Orange County District Attorney David M. Hoovler commended the NYS Department of Environmental Conservation police for enforcing laws prohibiting the sale of wild animals in the county and state.
In one recent matter, an individual was prosecuted for the sale of wild animals in violation of the environmental conservation law for selling juvenile alligators, which were being sold as “dwarf alligators.”
The alligators were American alligators which can grow up to 15 feet long and weigh up to 1,000 pounds, although they normally grow to less than eleven feet and weigh less than 700 pounds.
A permit is required in New York State to sell or possess alligators.
“Not only is it important that the public not be defrauded when they purchase an animal, but some species can be dangerous to the owner as well as to the environment,” said Hoovler. “The sale of alligators is regulated in New York State because of the size and strength of these animals, as well as the fact that in the wild they would be considered an invasive species which could disrupt New York’s natural species. Although American alligators are no longer considered to be an endangered species, their skins are virtually identical to the skins of endangered crocodilians, such as the black caiman, and the unregulated sale of American alligators could further endanger theses other species, since it takes an expert to distinguish between their skins after they are made into products.”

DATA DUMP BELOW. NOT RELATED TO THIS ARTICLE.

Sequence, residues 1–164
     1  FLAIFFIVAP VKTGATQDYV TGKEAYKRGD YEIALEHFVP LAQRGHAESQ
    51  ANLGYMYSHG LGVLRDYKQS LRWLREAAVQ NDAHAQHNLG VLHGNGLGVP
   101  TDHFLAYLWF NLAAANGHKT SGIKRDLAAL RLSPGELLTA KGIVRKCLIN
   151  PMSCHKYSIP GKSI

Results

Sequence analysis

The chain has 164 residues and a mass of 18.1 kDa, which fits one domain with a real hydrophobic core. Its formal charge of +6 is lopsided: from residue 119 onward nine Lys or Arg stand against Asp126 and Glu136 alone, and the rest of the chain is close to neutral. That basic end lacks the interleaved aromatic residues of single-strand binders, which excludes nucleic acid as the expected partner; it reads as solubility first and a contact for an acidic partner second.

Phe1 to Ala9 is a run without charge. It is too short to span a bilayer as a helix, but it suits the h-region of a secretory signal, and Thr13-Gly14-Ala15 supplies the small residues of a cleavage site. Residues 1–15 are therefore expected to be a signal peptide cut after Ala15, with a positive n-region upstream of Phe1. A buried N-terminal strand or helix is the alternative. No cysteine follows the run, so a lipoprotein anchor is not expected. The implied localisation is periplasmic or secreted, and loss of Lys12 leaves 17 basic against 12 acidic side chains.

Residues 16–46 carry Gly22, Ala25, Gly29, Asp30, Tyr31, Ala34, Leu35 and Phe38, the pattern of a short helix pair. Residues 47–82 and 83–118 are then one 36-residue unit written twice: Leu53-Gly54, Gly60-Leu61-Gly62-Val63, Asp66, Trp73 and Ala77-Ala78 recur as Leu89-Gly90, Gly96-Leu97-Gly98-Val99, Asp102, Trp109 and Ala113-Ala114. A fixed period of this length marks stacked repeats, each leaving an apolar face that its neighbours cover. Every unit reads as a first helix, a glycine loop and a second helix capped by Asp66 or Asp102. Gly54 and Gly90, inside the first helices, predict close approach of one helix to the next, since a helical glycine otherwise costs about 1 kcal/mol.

In 2020, the District Attorney’s Office partnered with the DEC police to prosecute an individual in the business of illegally possessing and selling certain venomous snakes. Some of these snakes included Gaboon vipers, puff adders and various Asian pit-vipers.
These snakes were extremely dangerous that were sent to the Bronx Zoo, one of the very few organizations in our area authorized under the law to possess those types of snakes.